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Thursday, January 29, 2009

Butcher Shoppe

The following cuts require basic knife skills. Nothing fancy, at least not yet.

Your butchered hog should be allowed to chill over night. It is best to cut pork while it is cool. You need a bone saw, a butcher's knife and every other serrated knife you have. We don't all have the perfect knife sets, and we are going to need to make do. I find that a sturdy bread knife actual works wonders with large, curving, cuts of meat, like pork chops.

Below is you basic hog chart.

hog chart
I had some decent pictures of us cutting things up, and pictures of other select meats, unfortunately it looks as though my computer ate them.

Here is a picnic ham with the hock still attached. You will need a bone saw or a sawzall to cut the two apart. We are using a wood blade. Dewalt! Are you reading? I would love it if you would make a blade for meat and bone. If you make one already, where can I find it? It sure isn't local.

I digress. The wood blade cuts easier than the metal pipe blade we were using to break the hog down for transporting.

How we had the hog broken down, meant we had to cut the butt (which isn't an actually butt (look at the chart people) Away from the ham. It was too large for me to store, and I ended up cutting it in half.
Boston Butt

Next came the torso (chest if you will). Using your sawzall, meat saw or bone saw, you want to cut it in half. You will end up with two pieces like the ones below. On the left we have the spare ribs and bacon, on the right we have the loin chops (loin, pork chops, sirloin)

ribs/bacon/pork chops before breaking down

Follow the end of the ribs to remove the bacon from the spare ribs.
ribs bacon slab

Cutting close to one side of the bone, follow the bones to cut your pork chops. You might need your bone saws to cut through the spine. However once the spine seems to widen, you will be at the end of your pork chops, and into the beginning of what is labeled at the grocers as loin.
pork chops
You will have a small loin, darker in color than the rest of the meat. Carefully follow the lines to cut it out. You should see it when you look at the chunk of meat. This would be one of the pictures that the computer seems to have eaten. After removing the small loin, you will have the sirloin cut left. Follow the bone and remove it from the spine and backfat.

Jere we have the back ham. HUGE! You can smoke, brine, salt or store away fresh (you can do that with the picnic ham as well)

Large ham

Or you can cut it down into roasts and smaller, more manageable hams
Ham roasts

These are roasts. Follow the bone while cutting. We vacuum sealed all the meats, before freezing. You can flavor your hams and roasts ahead of time. I have a brown sugar mini ham, a couple of small grilling hams and a rosemary, onion and red wine roast sitting in the freezer. Vacuum sealing helps the marinades invade the pork cuts before freezing and will remain there as you thaw. (brown sugar hams, 1 cup of brown sugar, dash of allspice, dash of cinnamon, pinch of clove, 1 teaspoon ground mustered and black pepper to taste mix well and rub hard. Grill roasts, 1/2 cup sugar, 1/4 cup salt, 1 teaspoon nutmeg, mix and rub hard.)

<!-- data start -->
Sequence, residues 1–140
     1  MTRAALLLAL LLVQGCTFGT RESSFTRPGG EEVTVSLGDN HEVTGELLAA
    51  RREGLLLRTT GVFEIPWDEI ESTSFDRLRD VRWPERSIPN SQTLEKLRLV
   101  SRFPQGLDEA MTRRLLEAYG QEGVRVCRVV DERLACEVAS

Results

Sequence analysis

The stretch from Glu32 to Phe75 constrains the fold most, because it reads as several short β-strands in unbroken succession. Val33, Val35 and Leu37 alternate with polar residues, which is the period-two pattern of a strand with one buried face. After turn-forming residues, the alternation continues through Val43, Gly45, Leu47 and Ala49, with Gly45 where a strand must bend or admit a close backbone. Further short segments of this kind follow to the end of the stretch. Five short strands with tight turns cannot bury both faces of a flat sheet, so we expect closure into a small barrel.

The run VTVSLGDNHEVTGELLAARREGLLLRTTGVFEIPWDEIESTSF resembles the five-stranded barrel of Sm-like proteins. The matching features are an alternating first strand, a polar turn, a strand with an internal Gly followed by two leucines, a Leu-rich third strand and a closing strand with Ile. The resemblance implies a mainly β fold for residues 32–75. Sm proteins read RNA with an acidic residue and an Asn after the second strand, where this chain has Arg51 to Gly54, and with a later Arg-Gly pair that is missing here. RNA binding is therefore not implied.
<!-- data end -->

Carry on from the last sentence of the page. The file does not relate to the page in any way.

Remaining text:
I haven't cut up the bacon yet, and have not weighed them, the short ribs nor the sausage as of yet. Sausage will need it's own post. Without weighing all those items yet, we have 161 lbs and 3 oz of meat.

If you are wanting me to post on fancier cuts of meat, please let me know. And I will talk about them as I pull them out of the freezer for dinner this coming year.


abbagirl74 said...

I can't wait to show my boyfriend your pictures. He is a butcher at one of my stores and he would think this is pretty cool.

HermitJim said...

Looks like a decent days work, did good!

Phelan said...

abba, when you show him, make sure you tell him that it was all done by hand. I don't have all those fancy machines he has ;)

HJim, I keep trying to leave a message on your blog, but for some reason it won't let me. ggrrr. . . It was a full day of work, I will tell you that.

Oh the head was cooking, it didn't fit into my largest pot, and the smell got so bad that I gave up. That is an outdoor project people.

Janelle said...

great job!!

Captain's Wife - Jennifer said...

Awesome! Phelen, what does it mean when you said the head is cooking? The actual head? And if so, what do you do with it?

Tim Appleton (Applehead) said...

oh yeah keep those posts coming I have to learn from someone. Thanks, it does look really good.

The Fool said...

Terrific, Phelan. You should be proud. You know, I think there is a niche for a "How to Field Dress & Butcher a Moose" video up here. Perhaps you will consider it for your next project?

Phelan said...

Janelle, thank you.

Jennifer, yes the entire head was cooking. I needed to remove the skin to get to the fat and the meat. You can make all kinds of things with the head. Janelle has a video up on her blog. I planned on using the head meat to make sausage.

Tim, thank you! And will do. Now who is going to teach me?

Fool, you send me the moose. I can get reindeer, but I don't think I have seen moose here.

Melissa ~ Wife to 1, Mom to 5 said...

Those pork chops are gorgeous! That was an amazing amount of meat procesed in 1 day.

alrescate said...

Bacon! *grin*

fullfreezer said...

Wow! Beautiful!!! I'm so impressed.

Phelan said...

Melissa, thank you. I used a bread knife to cut them. I was impressed myself.

Alrescate the bacon QUEEN!

Judy thank you. My head just keeps getting larger. :D

Chicago Mike said...

I am very impressed!

Curious to know how much money you saved with some daring and savvy!

Chicago Mike

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